During my graduate studies at the University of Florida, I received fellowships that allowed me to conduct research without the need to be a TA. In my third year, I realized that I still wanted to experience teaching. After approaching the Chemistry Department to volunteer for a TA position, I was met with apprehension because of my blindness. However, in the end, I was accepted as the first blind chemistry TA at the University of Florida, and it became one of the best experiences of my life.
“Thank you for all the dedication and willingness to help us. I think I can speak for all that you sincerely wanted us to do well. I aspire to be as bad-*ss as you one day.”
I was eager to engage with my students and help them better understand complex concepts and problems. My blindness posed a challenge with visual presentations. In response, I developed a unique teaching style where I fostered communication between students and encouraged them to ask questions. The students often became so engaged in problems they would ask me to stay after class. I received many positive reviews from students expressing their admiration for my teaching style.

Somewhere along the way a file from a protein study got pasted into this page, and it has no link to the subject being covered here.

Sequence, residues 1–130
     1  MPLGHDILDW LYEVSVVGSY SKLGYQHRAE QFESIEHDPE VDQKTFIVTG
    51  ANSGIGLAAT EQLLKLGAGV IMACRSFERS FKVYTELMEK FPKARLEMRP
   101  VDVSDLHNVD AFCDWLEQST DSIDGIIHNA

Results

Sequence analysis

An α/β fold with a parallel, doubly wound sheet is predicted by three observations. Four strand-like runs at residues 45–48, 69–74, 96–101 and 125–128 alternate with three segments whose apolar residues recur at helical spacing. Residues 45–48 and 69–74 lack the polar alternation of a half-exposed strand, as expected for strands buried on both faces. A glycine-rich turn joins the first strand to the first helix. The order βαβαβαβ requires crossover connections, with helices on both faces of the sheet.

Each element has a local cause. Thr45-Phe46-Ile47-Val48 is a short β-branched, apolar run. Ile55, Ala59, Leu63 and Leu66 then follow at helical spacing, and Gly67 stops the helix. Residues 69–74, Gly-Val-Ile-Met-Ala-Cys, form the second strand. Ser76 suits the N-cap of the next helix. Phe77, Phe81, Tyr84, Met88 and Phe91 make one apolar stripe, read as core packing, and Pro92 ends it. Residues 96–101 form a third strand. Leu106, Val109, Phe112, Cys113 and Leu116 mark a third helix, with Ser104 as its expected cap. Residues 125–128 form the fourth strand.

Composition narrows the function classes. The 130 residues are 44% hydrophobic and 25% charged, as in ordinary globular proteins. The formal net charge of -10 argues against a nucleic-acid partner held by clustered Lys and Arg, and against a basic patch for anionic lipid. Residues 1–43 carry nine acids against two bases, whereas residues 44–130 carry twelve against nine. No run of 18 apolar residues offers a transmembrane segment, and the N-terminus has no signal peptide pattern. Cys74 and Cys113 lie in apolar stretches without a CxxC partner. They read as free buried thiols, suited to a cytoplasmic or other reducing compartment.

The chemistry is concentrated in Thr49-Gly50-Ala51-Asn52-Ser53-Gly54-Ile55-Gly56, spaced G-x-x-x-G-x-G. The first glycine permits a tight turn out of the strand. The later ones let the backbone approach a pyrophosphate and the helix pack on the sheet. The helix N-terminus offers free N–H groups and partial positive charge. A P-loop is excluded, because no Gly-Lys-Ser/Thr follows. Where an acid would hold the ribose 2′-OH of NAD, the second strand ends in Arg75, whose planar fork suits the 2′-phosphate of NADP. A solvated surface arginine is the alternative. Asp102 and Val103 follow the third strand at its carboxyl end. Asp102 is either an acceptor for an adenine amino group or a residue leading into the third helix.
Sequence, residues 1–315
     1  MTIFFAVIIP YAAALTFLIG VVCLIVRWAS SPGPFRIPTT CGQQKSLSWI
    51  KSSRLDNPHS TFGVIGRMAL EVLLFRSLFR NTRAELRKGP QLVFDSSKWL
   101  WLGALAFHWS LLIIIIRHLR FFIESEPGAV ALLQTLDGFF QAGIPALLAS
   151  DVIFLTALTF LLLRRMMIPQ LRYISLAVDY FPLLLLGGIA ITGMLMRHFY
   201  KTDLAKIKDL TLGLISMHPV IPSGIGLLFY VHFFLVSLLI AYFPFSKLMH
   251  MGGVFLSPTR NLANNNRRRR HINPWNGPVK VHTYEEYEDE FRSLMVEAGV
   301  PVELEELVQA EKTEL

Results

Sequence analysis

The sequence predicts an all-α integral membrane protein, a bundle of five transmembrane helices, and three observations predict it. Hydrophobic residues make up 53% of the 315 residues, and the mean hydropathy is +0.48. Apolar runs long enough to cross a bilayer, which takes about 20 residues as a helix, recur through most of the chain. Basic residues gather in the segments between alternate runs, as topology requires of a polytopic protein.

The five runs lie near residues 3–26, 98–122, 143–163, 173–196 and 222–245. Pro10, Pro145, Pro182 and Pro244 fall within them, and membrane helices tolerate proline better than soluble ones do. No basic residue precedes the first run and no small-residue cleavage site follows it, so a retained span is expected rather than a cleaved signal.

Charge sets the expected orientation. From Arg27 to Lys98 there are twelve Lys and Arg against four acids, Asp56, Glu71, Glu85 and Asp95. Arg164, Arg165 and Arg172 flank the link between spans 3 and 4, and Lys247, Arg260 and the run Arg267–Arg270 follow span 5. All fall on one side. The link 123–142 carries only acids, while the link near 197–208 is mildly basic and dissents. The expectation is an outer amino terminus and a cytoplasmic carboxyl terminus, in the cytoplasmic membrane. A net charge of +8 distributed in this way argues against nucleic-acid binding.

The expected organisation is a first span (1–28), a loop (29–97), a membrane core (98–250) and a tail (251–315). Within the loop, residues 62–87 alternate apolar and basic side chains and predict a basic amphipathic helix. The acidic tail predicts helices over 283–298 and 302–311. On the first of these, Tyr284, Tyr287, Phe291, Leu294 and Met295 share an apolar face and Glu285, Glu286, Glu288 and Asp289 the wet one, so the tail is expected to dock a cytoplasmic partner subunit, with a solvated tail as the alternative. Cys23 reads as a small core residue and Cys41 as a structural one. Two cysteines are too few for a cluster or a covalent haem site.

“At first, I thought being blind would compromise her teaching style. I WAS WRONG. I was actually very attentive in class, and she always motivated us to get on the chalkboard and practice.”
The core of my teaching philosophy is: materials will be accessible to students in every way possible, concepts will be explained in as many ways as necessary, and preconceived notions of students’ abilities will never be formed. One of my students, who had already failed General Chemistry once, sought my advice after failing her first quiz. I welcomed her to attend both of my sections and meet with me during office hours. By the end of the semester, she had the highest grade in the class and personally thanked me for the difference I made in her learning. I will never give up on a student who is motivated and curious, and I will never lower expectations for any student. A large part of my teaching philosophy stems from personal experiences growing up. Many of my teachers did not expect as much from me because I am blind. It took years of maturing and a few amazing teachers to realize I could expect better from myself. I want to be a teacher who encourages students to pursue their interests and motivations despite having traits that might be considered a setback in a learning environment.
“Were Mona a professor, I would go out of my way to take another class with her. I was very impressed, to say the least, as well as humbled and inspired by her courage and fortitude.”